Lee University student arrested after confessing to Yik Yak threat
A student from Lee University was arrested Tuesday, Oct. 14 after posting an anonymous shooting threat towards the Tennessee university on social media.
Sophomore Olayinka Opaso, an 18-year-old Nigerian student, was charged with commission of an act of terrorism by the Cleveland Police Department after confessing to posting the threat to a senior Lee University official.
Commission of an act of terrorism is a Class A felony and is punishable by up to 25 years in prison for a first offense in the state of Tennessee.
Campus Safety Director Matt Brinkman took Opaso into custody before transporting him to the Cleveland Police Department, where he was interviewed by local investigators.
Brinkman said Lee placed heightened security on campus from both Campus Safety and the Cleveland Police Department after the threat was brought to the university's attention.
'We had police personnel present [on campus and at campus events] to ensure safety, to let students know that we were taking it seriously and to calm them,' Brinkman said.
The threat was made on Yik Yak, a mobile messaging app that allows users to post anonymous text posts called 'yaks' to other 'yakkers' within a 5-mile radius.
Brinkman said a student took a screenshot of the post and emailed it to his office on the afternoon of Friday, Oct. 9. Lee administration then contacted local authorities, who in turn contacted the FBI.
'Our primary goal was to [ensure] the safety of students so we were looking into the validity of [the threat] and immediately went into investigation with the police department to see what we could find out and go from there,' Brinkman said.
Students were not notified of the threat at that time, and class schedules continued as usual.
The university was thrown into the media spotlight on Monday, Oct. 13, however, when word of the threat began circulating on Facebook amongst Lee students. Parents and students began calling the school and local authorities for more information, prompting President Paul Conn to give an official statement.
'While the post is indeed anonymous and there is no direct evidence of its credibility, we do want you to know that we are taking precautions to maintain our safe campus environment,' Conn said.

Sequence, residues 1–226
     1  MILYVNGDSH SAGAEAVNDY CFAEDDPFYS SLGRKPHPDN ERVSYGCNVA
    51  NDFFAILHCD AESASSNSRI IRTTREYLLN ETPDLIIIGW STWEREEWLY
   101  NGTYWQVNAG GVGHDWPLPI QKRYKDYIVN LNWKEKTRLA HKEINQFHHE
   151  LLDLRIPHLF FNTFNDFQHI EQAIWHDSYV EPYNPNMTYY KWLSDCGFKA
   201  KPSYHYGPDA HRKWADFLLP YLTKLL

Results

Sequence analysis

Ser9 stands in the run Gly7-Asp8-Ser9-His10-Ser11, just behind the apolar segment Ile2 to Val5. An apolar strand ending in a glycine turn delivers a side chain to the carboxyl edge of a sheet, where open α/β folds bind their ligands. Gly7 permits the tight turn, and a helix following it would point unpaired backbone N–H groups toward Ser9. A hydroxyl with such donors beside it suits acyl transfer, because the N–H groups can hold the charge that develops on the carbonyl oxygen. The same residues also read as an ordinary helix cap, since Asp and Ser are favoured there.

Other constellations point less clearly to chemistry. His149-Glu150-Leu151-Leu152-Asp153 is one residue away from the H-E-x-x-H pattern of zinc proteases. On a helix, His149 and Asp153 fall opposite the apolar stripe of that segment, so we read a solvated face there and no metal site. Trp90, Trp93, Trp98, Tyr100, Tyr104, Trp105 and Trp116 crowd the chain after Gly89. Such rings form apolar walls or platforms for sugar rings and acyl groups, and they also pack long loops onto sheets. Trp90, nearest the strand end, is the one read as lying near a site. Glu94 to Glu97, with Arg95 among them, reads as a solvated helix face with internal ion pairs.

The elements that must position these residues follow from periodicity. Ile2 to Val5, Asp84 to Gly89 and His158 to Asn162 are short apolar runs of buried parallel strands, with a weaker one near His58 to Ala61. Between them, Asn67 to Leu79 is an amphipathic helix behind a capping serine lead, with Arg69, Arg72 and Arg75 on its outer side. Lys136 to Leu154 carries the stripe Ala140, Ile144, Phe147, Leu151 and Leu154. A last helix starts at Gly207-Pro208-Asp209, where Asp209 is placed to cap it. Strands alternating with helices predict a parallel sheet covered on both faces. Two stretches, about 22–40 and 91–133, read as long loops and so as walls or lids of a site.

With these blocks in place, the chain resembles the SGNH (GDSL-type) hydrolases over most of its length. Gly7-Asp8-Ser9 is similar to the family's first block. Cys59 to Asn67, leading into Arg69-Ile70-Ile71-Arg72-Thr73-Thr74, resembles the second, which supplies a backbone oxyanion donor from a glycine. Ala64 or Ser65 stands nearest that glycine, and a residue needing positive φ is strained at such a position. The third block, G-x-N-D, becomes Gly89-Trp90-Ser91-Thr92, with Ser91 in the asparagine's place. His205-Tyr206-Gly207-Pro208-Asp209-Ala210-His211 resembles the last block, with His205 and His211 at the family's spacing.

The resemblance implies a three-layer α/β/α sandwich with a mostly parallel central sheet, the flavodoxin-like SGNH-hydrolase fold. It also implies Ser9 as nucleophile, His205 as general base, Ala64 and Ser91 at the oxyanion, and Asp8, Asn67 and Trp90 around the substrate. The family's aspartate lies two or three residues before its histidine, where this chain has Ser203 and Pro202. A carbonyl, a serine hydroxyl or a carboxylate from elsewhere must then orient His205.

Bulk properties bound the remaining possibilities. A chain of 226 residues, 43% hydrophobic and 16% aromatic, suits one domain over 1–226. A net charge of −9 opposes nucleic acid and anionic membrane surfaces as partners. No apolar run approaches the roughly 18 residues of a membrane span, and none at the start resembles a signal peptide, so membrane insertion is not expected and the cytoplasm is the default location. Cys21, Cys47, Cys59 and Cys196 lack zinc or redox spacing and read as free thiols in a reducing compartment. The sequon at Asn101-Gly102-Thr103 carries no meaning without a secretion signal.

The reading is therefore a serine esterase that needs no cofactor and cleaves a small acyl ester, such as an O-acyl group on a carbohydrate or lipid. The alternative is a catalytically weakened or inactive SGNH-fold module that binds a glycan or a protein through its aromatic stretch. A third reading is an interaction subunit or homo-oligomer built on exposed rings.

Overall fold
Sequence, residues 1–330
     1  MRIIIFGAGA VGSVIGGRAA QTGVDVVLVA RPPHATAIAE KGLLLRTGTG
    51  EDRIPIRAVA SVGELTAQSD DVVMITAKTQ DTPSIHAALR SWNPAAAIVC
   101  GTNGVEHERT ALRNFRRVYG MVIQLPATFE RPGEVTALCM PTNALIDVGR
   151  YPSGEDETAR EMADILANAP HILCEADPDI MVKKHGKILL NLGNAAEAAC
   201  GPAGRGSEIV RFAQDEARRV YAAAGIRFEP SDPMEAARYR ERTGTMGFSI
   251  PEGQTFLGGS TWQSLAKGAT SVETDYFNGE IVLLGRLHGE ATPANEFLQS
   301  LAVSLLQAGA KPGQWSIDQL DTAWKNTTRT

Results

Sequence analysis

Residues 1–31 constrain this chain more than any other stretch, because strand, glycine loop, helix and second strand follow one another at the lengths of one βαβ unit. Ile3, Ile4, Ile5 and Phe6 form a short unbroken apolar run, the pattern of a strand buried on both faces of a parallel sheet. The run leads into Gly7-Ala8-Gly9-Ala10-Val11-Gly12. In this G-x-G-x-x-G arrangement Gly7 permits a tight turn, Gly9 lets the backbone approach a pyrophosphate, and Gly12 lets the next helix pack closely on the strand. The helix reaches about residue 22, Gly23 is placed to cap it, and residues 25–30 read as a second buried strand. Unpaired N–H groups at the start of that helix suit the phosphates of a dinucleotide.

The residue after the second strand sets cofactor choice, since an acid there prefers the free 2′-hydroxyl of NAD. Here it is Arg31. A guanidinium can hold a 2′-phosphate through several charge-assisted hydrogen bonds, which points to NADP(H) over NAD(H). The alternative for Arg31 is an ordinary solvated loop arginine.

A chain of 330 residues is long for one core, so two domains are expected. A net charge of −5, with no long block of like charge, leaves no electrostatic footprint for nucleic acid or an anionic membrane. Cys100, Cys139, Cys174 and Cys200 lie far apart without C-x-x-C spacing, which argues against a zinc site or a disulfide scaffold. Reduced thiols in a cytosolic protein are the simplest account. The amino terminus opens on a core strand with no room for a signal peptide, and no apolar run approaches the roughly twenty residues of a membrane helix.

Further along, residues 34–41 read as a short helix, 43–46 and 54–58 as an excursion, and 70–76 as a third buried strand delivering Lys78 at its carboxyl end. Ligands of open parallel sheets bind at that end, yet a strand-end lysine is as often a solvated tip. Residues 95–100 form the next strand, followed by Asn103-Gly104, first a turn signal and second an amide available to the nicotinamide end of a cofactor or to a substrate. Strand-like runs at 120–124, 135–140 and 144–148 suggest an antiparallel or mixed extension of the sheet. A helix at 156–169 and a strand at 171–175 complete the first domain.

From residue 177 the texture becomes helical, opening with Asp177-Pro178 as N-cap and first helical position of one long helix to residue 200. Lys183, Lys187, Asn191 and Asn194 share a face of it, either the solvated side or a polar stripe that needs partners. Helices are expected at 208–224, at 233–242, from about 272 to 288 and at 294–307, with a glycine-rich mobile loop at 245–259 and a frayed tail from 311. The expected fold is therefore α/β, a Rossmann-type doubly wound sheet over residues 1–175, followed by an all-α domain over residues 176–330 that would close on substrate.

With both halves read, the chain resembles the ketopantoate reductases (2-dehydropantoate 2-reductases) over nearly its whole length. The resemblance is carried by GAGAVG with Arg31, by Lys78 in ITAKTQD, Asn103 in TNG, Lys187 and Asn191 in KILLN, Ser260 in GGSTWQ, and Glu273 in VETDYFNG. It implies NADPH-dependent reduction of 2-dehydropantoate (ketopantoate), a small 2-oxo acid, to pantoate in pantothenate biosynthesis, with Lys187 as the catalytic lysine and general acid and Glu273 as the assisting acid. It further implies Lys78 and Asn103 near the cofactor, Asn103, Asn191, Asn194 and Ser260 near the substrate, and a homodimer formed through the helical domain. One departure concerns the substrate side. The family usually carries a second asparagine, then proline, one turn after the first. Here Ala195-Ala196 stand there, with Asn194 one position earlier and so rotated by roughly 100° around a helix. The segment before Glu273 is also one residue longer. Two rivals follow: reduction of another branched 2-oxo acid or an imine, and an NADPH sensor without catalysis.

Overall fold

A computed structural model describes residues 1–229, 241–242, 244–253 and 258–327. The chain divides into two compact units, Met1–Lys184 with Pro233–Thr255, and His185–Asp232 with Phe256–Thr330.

The statement was sent to students and staff via email, and was posted on Lee's website.
Conn's announcement outlined Lee's cooperation with the FBI and local law enforcement to identify the source of the anonymous threat and provided guidelines on how to respond to an active shooting on campus.
'We understand why people would feel uneasy about posts like this,' Conn said. 'It is part of the chaotic and often unsettling world we live in. However, based on all available information in consultation with authorities, we do not feel it is necessary to suspend normal activity at this time. We encourage everyone to continue to engage in the life of campus as usual.'
While administration made the decision not to cancel classes, professors did allow avenues of precaution for students.
'I've encouraged faculty to be sensitive and generous,' Vice President for Academic Affairs Deborah Murray said, advising faculty not to penalize students who chose not to attend class.
Opaso's threat surfaced only eight days after the Umpqua Community College shooting in Roseburg, Oregon, and followed a shooting at Northern Arizona University that occurred the same day.
Some Lee students chose to leave campus following the threat, either traveling home, or staying in hotel rooms in town purchased for them by their parents.
Still, the majority of students remained on campus, and felt that Lee responded to the situation appropriately.
'I felt that the situation was handled in the best and most logical way that it could have been,' junior Rachel Hess said. 'Situations like this call for sound reasoning, not rash action. I think the administration took all the precautions they needed to and I did not feel that I was in danger walking to classes.'
Hess said even when it became clear that the incident was not a hoax, she did not feel unsafe, and instead trusted that God would use her for a purpose no matter what happened.
'I very much feel that we need to be logical and carefully consider threats like this when they happen,' Hess said. 'But I also believe that there's a lot of trust involved in our relationship with God as Christians. Yesterday was a day to rely very heavily on that.'
The investigation of the incident is ongoing, and Brinkman said Lee will continue to assist local authorities and the FBI throughout that process.
This article has also been shared by Charisma Magazine: http://www.charismanews.com/us/52635-lee-university-student-charged-with-commission-of-act-of-terrorism